Viability of production of biodiesel and biogas from microalgae: A net energy analysis
Recently, there has been a growing interest in finding alternative forms of energy. This is mostly driven by increasing prices of oil, concerns over greenhouse gases emission from fossil fuels, and some form of government subsidies. One of the alternatives which has been gaining much public and scientific attention is biofuel, a type of fuel which is derived in some way from biological materials of living or recently living organisms. This includes biodiesel, made from vegetable oil, animal fats, or recycled greases that have been chemically modified so that its physical properties resemble those of diesel fuel. It is usually used as diesel additives to reduce levels of particulates, carbon monoxide emission, and hydrocarbons from diesel-powered vehicles.
Although environmentally friendly, the use of these alternative forms of energy has not been without criticism. One of the issues is the associated consumption of water and land resources which could have been used for the production of food. Thus, to help policy makers decide on which is more advantageous, it is necessary to have a quantitative assessment of the viability of various potential systems for producing biofuels. One of the simplest, and oldest, approaches is net energy analysis. In simple terms, the analysis looks at the net energy produced by the system and compares it to the energy inputs required to produce the fuel.
In a recent paper entitled “Net energy analysis of the production of biodiesel and biogas from the microalgae: Haematococcus pluvialis and Nannochloropsis” (Applied Energy, vol. 88, 2011), Drs. Luis Razon and Raymond Tan from De La Salle University performed a net energy analysis of production systems based on two types of oil-bearing algae, the Haematococcus pluvialis and Nannochloropsis. Their calculations showed that the energy ratios, based on the technology being proposed for commercial operation of such systems, fall short of thermodynamic break-even, even if highly optimistic assumptions about the operations were made (i.e., assuming that the residual algal biomass is used to produce biogas, which later can be used to produce eletricity and process steam). The problem mainly stems from the large energy demand of separating the valuable oil from water and from the rest of the algal biomass.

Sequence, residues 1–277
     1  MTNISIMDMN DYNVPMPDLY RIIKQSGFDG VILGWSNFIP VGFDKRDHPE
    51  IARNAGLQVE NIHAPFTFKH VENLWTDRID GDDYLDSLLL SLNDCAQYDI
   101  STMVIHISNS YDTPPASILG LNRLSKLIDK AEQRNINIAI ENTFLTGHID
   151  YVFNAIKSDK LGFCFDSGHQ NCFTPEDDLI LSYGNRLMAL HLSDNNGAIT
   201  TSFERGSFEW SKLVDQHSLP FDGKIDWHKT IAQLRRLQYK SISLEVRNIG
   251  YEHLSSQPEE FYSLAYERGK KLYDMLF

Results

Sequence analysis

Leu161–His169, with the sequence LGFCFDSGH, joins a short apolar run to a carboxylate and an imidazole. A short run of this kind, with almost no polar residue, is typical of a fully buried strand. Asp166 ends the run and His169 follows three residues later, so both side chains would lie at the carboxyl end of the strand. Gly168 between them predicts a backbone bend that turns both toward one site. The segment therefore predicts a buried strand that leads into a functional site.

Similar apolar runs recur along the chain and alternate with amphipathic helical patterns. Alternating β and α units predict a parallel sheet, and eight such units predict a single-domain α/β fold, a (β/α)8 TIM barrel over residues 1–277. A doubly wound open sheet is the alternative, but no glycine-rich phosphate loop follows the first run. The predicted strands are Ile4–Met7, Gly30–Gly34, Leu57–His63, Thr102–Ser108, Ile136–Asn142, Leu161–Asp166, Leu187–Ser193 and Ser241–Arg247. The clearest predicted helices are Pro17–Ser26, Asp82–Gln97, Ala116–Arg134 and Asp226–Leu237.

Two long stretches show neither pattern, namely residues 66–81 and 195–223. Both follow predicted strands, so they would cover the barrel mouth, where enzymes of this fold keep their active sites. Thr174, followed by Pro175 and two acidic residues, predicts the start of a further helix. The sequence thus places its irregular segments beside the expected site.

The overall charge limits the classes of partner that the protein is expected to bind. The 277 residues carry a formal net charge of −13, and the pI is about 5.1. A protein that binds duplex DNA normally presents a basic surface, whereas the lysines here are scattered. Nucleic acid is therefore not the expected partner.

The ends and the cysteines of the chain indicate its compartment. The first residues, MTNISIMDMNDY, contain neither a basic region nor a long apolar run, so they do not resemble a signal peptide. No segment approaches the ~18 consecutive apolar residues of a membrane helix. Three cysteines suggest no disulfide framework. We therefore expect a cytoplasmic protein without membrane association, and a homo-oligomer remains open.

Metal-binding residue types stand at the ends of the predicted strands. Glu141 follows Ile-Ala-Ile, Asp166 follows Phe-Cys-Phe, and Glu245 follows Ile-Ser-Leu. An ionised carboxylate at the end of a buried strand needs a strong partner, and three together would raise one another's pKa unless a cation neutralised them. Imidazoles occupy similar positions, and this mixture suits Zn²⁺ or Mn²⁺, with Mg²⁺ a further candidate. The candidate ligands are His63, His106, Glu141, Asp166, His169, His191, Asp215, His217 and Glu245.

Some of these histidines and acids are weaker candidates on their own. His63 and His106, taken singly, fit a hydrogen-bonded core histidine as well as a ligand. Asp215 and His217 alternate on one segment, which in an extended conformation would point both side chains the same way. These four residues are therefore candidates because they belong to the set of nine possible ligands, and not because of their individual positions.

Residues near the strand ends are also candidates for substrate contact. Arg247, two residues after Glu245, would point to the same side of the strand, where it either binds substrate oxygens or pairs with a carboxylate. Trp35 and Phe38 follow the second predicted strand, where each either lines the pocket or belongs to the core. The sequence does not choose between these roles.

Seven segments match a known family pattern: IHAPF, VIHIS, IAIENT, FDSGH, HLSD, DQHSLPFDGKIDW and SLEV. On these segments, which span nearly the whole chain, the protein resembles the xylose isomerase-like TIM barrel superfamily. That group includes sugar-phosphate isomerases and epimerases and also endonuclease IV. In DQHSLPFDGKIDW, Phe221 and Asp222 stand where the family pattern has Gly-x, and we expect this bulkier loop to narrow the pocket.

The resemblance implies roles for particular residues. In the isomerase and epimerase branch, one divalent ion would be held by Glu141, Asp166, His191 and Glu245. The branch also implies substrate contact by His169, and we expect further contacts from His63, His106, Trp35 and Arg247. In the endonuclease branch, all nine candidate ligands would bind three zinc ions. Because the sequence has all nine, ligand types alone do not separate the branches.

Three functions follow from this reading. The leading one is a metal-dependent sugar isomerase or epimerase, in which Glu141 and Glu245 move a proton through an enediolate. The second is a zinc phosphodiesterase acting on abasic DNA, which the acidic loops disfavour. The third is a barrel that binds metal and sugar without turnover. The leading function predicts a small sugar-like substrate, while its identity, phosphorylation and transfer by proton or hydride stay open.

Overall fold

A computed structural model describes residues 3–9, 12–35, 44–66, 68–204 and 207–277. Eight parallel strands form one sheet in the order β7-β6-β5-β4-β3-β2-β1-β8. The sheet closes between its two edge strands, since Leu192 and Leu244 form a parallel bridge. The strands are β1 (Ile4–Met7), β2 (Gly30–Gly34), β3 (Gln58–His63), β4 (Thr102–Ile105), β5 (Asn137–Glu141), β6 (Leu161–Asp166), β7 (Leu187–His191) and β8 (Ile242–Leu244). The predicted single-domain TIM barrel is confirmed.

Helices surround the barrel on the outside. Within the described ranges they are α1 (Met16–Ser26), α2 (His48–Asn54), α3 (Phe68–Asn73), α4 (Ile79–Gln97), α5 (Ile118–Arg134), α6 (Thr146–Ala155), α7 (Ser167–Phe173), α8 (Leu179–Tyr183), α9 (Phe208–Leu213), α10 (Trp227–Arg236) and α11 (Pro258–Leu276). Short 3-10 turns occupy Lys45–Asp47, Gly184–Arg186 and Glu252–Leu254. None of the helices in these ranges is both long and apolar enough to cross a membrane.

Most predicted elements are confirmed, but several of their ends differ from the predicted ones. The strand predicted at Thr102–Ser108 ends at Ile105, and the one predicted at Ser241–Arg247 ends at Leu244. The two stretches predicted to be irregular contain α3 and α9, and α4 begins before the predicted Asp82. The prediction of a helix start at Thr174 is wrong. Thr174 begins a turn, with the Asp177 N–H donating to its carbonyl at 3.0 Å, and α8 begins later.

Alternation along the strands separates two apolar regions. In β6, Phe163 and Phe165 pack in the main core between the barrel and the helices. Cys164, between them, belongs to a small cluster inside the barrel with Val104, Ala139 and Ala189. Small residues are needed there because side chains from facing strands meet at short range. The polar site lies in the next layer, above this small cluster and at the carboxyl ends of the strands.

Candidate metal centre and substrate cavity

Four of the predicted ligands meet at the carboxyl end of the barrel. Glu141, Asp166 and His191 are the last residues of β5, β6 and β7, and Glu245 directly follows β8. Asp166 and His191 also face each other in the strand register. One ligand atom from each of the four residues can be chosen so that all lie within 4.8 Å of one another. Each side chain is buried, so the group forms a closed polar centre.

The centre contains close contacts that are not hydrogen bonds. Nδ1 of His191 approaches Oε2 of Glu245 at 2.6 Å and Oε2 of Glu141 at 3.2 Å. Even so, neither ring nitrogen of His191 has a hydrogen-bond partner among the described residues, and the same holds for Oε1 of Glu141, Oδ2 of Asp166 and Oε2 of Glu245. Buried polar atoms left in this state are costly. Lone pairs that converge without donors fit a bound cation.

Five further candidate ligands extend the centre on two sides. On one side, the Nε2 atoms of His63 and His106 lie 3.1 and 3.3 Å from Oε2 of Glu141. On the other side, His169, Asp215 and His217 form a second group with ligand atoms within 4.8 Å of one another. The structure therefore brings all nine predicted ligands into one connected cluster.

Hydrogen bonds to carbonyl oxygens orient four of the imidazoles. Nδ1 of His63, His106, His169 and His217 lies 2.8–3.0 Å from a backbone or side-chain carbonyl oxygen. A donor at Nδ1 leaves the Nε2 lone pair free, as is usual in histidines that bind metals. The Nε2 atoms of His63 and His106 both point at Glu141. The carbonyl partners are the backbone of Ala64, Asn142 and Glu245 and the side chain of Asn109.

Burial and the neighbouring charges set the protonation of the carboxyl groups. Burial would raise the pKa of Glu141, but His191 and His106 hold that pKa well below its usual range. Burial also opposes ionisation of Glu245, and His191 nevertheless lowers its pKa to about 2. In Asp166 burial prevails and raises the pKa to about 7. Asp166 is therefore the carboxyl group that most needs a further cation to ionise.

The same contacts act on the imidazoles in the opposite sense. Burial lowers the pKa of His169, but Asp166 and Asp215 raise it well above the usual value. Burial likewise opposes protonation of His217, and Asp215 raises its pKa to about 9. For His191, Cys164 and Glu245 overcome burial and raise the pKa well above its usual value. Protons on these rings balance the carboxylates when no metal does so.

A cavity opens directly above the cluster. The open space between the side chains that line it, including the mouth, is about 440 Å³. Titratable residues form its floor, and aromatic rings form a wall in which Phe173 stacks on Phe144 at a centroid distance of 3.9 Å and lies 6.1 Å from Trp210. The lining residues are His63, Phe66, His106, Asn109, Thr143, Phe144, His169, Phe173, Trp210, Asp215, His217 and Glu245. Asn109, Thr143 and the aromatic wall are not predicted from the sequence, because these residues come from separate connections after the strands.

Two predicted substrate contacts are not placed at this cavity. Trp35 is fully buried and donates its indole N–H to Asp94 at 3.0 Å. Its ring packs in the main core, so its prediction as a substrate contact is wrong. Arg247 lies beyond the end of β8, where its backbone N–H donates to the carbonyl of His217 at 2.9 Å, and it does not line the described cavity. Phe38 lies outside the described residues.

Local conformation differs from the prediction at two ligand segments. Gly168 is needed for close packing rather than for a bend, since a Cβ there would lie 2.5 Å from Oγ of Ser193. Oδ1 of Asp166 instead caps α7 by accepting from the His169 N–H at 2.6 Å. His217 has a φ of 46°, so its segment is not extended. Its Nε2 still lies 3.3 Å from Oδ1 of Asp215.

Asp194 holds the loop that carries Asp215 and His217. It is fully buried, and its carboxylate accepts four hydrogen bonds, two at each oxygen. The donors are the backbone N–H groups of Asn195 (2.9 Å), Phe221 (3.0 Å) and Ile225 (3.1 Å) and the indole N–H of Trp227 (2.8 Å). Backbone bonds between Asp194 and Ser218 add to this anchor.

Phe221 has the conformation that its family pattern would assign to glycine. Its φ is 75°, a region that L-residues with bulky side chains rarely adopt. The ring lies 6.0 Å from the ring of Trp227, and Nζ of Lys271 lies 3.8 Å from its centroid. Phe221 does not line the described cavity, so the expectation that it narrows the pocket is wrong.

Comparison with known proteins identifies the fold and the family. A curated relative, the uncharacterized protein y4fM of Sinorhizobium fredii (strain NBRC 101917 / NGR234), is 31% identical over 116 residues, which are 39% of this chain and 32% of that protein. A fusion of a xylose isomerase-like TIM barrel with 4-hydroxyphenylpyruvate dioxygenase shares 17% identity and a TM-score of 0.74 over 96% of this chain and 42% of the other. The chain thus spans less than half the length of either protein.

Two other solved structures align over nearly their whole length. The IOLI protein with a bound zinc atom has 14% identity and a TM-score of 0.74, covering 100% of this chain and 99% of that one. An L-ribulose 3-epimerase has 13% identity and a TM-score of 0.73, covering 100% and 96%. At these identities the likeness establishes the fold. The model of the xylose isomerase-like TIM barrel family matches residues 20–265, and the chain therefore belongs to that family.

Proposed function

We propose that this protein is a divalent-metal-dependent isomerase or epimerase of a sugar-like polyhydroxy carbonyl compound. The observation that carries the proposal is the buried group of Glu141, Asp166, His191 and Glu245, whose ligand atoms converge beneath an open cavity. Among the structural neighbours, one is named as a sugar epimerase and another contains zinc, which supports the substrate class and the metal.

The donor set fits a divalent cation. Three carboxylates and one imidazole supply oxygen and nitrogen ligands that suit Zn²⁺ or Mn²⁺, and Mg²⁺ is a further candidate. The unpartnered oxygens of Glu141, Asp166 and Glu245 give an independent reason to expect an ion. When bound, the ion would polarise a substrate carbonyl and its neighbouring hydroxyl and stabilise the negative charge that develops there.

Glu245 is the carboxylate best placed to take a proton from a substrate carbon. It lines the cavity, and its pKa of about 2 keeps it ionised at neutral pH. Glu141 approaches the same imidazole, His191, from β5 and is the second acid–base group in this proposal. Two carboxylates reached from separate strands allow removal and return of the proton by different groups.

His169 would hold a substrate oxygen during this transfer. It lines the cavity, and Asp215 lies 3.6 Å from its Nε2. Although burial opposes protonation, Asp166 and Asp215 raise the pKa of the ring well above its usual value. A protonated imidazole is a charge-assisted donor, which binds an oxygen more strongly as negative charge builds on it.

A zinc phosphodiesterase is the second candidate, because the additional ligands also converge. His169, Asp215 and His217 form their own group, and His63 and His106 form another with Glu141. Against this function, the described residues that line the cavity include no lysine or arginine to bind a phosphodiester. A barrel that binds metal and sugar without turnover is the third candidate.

For the analyzed algal system to be commercially viable, the authors noted that significant innovations in developing less energy-intensive technique in separating oil from algal biomass is needed. Alternatively, they suggested that multiple products from the algae could also be considered to spread the energy usage allocations over a wider range of useful products. For instance, the remaining algal biomass after oil extraction could be used to make a co-saleable product or recycled back into the process to offset other costs for the entire process.
Although the production of algal biodiesel has been demonstrated in the lab, much work still needs to be done to make it thermodynamically viable. It may still take some time and more effort before biodiesel can be put to actual production – grown outdoors, under real climate conditions that can be used on a much larger scale, and compete with the fuels derived from petroleum supplies.
Details of the study can be read in “Net energy analysis of the production of biodiesel and biogas from the microalgae: Haematococcus pluvialis and Nannochloropsis” by Luis Razon and Raymond Tan, Applied Energy 88 (2011).